What Are Same-Sex Divorce Proceedings in Australia?
In 2017, Australia became the 26th country to legalise same-sex marriage, with the passing of the Marriage Amendment (Definition and Religious Freedoms) Act 2017 through Australian parliament.
This amendment revised the Marriage Act 1961 (Cth) by redefining marriage as:
“The union of two people to the exclusion of all others, voluntarily entered into for life.”
This means that in Australia, same-sex couples currently have the same right to marry as heterosexual couples, and to access the same resulting legal benefits. However, marriage is sometimes accompanied by separation, and in Australia almost 1 in 3 marriages result in divorce.
If you are considering a same-sex divorce, or entering a same-sex marriage, you might be wondering what potential divorce proceedings could look like for you.
Here, we answer some common questions about same-sex divorce proceedings in Australia.
Is There a Difference Between Heterosexual Divorce and Same-Sex Divorce?
As same-sex marriages have been given the same legal status as heterosexual marriages, there are no differences in marriage or divorce proceedings between same-sex and heterosexual marriages.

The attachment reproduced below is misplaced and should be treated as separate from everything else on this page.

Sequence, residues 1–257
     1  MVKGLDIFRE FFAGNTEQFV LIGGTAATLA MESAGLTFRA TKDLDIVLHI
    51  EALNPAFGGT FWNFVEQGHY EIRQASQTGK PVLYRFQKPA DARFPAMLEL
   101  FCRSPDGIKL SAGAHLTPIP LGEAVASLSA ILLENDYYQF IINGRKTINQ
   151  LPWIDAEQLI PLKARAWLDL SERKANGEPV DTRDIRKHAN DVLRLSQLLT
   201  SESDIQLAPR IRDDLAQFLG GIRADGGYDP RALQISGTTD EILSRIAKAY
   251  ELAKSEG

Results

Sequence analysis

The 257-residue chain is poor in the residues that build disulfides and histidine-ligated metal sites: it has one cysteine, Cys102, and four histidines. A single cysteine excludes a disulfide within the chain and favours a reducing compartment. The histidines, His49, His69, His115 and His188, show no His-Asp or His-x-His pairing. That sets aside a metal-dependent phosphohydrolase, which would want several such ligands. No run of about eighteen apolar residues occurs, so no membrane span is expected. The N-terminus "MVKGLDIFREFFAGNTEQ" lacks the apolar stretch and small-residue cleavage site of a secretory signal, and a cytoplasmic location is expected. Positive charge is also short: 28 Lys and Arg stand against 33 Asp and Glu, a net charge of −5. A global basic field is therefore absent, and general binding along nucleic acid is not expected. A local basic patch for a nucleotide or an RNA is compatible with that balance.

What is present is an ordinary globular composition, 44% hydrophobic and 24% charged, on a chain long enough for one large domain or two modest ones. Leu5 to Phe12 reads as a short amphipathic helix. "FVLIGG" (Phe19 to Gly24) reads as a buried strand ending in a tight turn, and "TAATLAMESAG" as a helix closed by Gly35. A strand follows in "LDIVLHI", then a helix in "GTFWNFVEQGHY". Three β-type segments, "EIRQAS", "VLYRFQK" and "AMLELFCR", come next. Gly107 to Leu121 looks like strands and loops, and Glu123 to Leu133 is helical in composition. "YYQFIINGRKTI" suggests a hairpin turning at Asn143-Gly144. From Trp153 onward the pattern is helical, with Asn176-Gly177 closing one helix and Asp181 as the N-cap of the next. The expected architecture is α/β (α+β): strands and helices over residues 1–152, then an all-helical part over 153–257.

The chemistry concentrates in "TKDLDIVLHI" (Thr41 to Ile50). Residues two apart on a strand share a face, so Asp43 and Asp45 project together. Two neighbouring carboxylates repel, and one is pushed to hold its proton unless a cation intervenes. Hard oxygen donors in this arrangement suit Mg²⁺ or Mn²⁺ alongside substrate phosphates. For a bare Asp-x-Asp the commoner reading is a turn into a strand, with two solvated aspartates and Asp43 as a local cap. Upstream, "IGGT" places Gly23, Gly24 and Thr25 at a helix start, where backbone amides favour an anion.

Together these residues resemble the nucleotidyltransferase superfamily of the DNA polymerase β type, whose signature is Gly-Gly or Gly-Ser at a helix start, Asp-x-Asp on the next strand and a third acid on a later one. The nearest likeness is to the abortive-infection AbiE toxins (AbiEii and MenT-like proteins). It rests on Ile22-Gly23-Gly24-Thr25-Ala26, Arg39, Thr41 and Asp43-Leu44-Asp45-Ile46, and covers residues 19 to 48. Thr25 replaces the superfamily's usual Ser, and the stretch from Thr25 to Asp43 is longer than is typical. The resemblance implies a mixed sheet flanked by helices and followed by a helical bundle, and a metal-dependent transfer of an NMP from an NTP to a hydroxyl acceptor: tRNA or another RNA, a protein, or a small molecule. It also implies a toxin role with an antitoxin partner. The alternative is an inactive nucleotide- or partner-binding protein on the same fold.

However, due to the history of marriage laws in Australia, there is one notable area where complications surrounding same-sex divorce or marriage can arise - and this is in cases where an overseas marriage has previously taken place.
Overseas marriages are recognised in Australia if:
- The marriage is recognised as valid under the law of the country at the time it was entered into.
- The marriage would have been recognised as valid under Australian law if the marriage had taken place in Australia.
Because of this second stipulation, same-sex marriages which occurred overseas would not have been considered valid in Australia prior to the legalisation of same-sex marriage in 2017.
If you were a same-sex couple who married overseas, but who has since separated, you may not have felt it necessary to officially end that marriage - as your marriage was not legally recognised in Australia.